Weigel is free to disagree with Park, but to question her legitimacy because she has different credentials than he does is plainly offensive. And it's uncomfortable, put mildly, to see an established white male journalist suggest that an activist and writer of color hasn't "done anything" to "win your attention."

I don't know Park personally, but I'm aware of and follow her work -- she didn't drop from the sky Thursday night. She is getting covered on Salon, Slate and other mainstream outlets today because her hashtag trended and caught the attention of audiences who watch and like "The Colbert Report." Just because this public isn't aware of Park's work doesn't mean it doesn't exist or have value. Any suggestion otherwise is ignorant.

With all of the time we've spent attacking Park's credibility and debating the value of online activism, there seems to be shockingly little interest in the content of her work -- in the questions she's raised about liberal racism, white racism, the cultural quickness to dismiss women as "hysterical" or "attention-seeking" in voicing their anger, our discomfort with seeing our sacred cows criticized when they fail. Reading back on the hashtag this morning, I saw a lot reflecting the glaring whiteness of the television writer's room, and how people who resist being victimized by racist tropes (even when intended as satire) are dismissed as hypersensitive and often attacked with even more racism.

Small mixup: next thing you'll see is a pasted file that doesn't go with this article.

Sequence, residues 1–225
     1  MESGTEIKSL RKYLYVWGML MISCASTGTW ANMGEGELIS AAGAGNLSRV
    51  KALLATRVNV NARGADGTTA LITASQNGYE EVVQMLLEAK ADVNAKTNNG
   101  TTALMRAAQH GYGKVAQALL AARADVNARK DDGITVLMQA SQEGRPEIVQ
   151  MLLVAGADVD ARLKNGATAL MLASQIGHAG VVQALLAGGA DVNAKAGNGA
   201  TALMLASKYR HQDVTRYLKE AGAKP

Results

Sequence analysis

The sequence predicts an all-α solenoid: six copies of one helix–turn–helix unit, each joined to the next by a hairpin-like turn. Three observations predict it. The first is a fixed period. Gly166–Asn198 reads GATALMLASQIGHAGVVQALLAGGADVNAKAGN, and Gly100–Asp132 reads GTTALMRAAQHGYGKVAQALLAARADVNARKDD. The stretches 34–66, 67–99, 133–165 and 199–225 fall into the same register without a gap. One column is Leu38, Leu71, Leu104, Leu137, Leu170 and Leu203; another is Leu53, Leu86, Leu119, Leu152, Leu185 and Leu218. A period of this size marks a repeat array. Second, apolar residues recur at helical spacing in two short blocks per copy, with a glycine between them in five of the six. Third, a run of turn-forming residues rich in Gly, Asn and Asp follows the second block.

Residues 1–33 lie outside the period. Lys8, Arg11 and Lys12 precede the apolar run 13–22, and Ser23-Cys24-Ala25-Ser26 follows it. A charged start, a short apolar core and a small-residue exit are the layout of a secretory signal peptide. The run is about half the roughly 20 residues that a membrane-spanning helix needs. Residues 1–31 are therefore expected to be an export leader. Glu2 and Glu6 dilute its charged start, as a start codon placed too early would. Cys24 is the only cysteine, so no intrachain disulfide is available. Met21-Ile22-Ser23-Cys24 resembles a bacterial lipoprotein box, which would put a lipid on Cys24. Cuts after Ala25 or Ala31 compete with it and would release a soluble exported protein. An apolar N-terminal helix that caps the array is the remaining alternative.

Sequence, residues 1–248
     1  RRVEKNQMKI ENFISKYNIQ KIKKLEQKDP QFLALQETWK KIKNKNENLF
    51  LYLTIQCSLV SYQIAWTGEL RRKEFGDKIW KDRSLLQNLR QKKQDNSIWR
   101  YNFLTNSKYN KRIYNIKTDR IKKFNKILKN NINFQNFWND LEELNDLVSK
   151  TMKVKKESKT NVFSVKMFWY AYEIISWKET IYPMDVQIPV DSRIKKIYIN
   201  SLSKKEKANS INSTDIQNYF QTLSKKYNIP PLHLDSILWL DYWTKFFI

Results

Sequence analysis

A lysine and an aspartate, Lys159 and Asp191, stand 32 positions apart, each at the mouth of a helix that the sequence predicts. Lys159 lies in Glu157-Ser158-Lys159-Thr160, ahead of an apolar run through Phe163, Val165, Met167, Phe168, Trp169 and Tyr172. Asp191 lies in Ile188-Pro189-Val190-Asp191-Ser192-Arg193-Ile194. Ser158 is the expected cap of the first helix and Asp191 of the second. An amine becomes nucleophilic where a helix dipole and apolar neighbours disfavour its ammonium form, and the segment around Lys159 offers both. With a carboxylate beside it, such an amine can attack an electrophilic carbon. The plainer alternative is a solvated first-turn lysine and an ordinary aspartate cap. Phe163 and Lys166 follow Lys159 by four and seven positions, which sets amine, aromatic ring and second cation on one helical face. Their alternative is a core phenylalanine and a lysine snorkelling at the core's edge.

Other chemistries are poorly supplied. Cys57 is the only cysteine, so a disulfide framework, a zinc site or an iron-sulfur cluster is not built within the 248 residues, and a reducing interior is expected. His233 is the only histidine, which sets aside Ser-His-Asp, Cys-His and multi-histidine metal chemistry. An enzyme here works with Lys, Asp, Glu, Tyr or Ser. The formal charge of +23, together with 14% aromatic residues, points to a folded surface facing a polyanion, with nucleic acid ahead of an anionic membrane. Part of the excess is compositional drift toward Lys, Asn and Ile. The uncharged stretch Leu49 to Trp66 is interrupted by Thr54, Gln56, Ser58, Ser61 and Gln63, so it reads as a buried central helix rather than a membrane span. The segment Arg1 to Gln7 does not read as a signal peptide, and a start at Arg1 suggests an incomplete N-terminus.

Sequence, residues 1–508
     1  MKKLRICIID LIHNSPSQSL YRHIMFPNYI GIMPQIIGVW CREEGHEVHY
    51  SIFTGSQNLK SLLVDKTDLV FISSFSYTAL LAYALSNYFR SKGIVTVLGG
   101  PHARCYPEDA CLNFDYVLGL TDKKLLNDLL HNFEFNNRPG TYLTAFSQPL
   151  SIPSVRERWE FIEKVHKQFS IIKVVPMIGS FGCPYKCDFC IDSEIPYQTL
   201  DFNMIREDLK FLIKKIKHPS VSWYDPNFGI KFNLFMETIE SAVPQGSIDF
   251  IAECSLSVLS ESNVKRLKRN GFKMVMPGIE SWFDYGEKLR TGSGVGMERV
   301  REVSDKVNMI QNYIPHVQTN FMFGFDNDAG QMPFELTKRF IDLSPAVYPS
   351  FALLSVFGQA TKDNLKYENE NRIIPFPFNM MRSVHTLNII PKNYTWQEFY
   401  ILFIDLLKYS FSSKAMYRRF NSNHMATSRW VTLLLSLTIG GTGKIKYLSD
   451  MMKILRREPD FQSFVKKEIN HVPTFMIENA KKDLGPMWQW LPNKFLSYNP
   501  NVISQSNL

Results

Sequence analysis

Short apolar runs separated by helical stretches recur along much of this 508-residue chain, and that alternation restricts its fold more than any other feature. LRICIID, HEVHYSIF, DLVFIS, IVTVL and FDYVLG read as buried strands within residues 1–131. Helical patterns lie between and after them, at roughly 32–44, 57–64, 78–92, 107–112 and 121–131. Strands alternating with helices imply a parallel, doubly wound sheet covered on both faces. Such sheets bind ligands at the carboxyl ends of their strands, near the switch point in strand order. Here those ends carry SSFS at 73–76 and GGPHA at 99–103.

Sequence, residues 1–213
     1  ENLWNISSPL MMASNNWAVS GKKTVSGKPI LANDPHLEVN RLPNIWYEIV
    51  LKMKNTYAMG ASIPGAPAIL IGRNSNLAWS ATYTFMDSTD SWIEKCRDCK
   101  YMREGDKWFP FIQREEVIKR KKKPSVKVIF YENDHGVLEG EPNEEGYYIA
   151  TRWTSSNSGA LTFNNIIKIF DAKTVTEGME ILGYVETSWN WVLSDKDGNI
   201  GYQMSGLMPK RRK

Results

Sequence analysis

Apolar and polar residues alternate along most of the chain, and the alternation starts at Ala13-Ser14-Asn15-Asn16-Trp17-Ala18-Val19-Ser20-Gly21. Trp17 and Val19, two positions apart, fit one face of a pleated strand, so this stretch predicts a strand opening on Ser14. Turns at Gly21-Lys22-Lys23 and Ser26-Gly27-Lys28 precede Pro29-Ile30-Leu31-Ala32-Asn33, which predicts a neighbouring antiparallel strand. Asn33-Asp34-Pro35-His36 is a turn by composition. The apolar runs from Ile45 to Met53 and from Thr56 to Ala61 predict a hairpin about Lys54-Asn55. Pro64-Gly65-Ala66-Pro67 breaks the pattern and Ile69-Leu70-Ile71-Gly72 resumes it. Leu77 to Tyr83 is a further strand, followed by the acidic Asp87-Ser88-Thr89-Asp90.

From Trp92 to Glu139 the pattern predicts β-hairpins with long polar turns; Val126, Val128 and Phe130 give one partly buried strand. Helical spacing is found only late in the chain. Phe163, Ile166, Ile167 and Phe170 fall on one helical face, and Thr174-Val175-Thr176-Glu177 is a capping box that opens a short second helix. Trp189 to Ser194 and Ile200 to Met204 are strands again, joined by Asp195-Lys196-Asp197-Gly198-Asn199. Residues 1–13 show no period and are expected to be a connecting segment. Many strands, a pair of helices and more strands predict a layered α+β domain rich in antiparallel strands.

I'm grateful again here for Cooper's insights on the hashtag and the response it has generated: "Solidarity is rarely simple, but choosing not to minimize someone else’s struggle is quite easy."

Why are we so unwilling to concede that Colbert's failed attempt at satire may be a product of the (majority) white men who write the show? That the backlash against Park may be an ugly manifestation of liberal racism? That the response to #CancelColbert is telling us something important about how we're still failing to meaningfully address racism -- even in progressive circles?

Even with the hashtag trending fiercely Thursday night, it was and remains wildly unlikely that #CancelColbert will actually get "The Colbert Report" taken off the air. And like many others who have weighed in on the issue, I like a lot of Stephen Colbert's work and have seen his show hit its intended targets much better than it did this week in its attempt to critique Dan Snyder's racism. But that's not a reason to ignore a call to take a hard look at where the show failed, or how we failed with it.

I mean, Colbert's writing staff still looks like this. We need to talk about that. Why are we so mad when someone asks us to talk about that?

By Katie McDonough

Katie McDonough is Salon's politics writer, focusing on gender, sexuality and reproductive justice. Follow her on Twitter @kmcdonovgh or email her at kmcdonough@salon.com.